Thus, we are simply coming to see what is actually so. We are looking for truth, rather than ideas. We are looking for what is the case right now rather than what might be so tomorrow or in a year.

We are becoming open-minded and willing – to a radical degree – to set aside all our ideas and preconceptions, our plans and goals, our strategies and assumptions – in order to consider the possibility of another, better plan.

Ask and you will be answered. Seek and you will find. We are no longer asking the ego what salvation is and where to find it. We are asking it of truth. Be certain, then, that the answer will be true because of Whom you ask (WpI.72.11:3-7).

We also want to notice that the lesson does not actually answer the question: what is God’s plan for salvation? Rather, it simply expresses its faith that when we ask the question sincerely, we will be given the answer.

Why would A Course in Miracles be so coy on this subject? If it has the answer, why not give it?

One way to respond to that is to consider that God’s plan for salvation is not readily condensed into language. Thus, what we are listening for in our study periods, may not show up as words. It may not show up as an idea or concept. It may not even show up as a feeling!

What does show up when we genuinely turn to God and ask with an open heart and mind to be saved? Who can find out but us?

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  1. Thanks for this, Sean. I think what makes the course challenging for me is that the revelation of God’s plan for salvation often seems to require the uncomfortable revelation of what it is not.

    It seems if I truly want God’s plan for salvation to be revealed to me (and I do!), I must be willing for God to bring into the light of day those things that keep it hidden, i.e., my judgments, grievances, attachments, etc. The course, and especially the lessons, have helped me to be willing, and to be teachable, and I’m grateful for that. I’m grateful to know too that this plan for salvation is already accomplished. Such a different paradigm from the religion I was raised in. It kind of takes the pressure off! I don’t have to “achieve” anything. I’m only in a process of awakening to what already is. Thanks Sean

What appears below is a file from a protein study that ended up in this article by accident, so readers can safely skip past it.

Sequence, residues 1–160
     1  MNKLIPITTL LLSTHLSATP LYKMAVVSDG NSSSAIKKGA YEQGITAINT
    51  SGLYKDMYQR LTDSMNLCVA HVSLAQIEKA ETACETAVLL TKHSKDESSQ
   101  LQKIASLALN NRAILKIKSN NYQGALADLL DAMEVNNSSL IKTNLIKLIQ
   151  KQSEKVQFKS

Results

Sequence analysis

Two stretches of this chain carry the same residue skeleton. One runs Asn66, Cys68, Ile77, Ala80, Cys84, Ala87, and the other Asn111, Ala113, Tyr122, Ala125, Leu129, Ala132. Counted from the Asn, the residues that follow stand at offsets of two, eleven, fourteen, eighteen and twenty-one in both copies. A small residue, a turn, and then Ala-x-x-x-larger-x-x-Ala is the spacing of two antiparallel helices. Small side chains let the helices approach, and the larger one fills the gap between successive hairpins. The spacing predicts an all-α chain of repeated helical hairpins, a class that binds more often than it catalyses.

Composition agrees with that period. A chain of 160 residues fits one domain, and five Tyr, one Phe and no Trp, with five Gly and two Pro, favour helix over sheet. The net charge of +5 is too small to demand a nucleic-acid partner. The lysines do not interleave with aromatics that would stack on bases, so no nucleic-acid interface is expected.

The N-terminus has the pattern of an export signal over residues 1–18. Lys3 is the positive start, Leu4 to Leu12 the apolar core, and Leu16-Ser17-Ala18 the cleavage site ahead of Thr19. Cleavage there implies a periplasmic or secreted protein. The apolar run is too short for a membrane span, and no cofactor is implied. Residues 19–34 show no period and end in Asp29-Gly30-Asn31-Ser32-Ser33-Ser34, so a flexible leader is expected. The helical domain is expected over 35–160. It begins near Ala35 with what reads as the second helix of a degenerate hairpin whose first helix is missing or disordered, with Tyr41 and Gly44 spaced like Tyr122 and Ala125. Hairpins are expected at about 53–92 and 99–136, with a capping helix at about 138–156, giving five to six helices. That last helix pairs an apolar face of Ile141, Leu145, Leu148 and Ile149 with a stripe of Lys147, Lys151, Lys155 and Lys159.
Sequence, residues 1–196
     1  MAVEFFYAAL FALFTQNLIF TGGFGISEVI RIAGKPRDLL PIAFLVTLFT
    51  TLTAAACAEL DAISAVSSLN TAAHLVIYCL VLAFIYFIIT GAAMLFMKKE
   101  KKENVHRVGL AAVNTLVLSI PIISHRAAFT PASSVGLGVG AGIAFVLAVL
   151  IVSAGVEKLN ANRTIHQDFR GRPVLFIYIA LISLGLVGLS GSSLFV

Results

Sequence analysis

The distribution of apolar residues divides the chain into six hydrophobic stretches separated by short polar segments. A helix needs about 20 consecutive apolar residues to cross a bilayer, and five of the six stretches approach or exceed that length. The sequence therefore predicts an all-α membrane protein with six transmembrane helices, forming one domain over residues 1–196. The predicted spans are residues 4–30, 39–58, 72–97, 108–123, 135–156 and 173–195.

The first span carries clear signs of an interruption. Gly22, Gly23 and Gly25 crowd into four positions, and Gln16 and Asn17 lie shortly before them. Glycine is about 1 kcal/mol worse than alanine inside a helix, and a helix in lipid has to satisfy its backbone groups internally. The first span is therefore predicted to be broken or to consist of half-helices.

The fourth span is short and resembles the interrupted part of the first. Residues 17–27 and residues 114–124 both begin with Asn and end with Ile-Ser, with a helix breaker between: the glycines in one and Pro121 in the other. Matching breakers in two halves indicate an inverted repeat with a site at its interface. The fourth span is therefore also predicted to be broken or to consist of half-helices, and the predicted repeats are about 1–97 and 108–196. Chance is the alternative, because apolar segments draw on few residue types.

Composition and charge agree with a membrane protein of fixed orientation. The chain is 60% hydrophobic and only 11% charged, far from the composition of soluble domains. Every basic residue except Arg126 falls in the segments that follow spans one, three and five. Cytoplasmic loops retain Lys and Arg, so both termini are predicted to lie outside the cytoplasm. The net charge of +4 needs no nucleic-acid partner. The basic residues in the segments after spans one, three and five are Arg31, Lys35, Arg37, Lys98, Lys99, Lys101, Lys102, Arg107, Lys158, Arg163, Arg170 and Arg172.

1. Hey Mark. Good to hear from you.

      That’s actually an interesting way to phrase it, thank you – learning what IS by seeing what is NOT. I do think part of what distinguishes ACIM from other traditions – not better or worse, but maybe more helpful for some of us – is this notion that we need do nothing save consent to having a lot undone for us.

      My experience of prayer changed a lot with my practice of ACIM, becoming less verbal and intentional, and also less like traditional meditation, and more like submitting to a gentle cleansing – I would see the fear/anger/hate in this memory or that idea, and the clearer I saw it, the more of it was undone. Holy Spirit as Divine Cleansing Agent 🙂 We get lighter and lighter. Prisms are spiritual teachers to me – I think in the world it’s a worthy goal to simply become empty enough and clear enough that the light of Love streams through us unimpeded, leaving nothing but beauty, happiness, et cetera.

      And yeah, in the end, there is the gentle realization that I need do nothing. For me, this realization is calming but it also makes me more tender and open-minded towards the world. Love WANTS to extend itself, and we start to feel as if we are a means for its extension. This is alternately terrifying and just the most beautiful grace-filled thing ever.

      So obviously I have long way to go! But I am grateful and happy to be able to share the way with you. Thanks, Mark.

      ~ Sean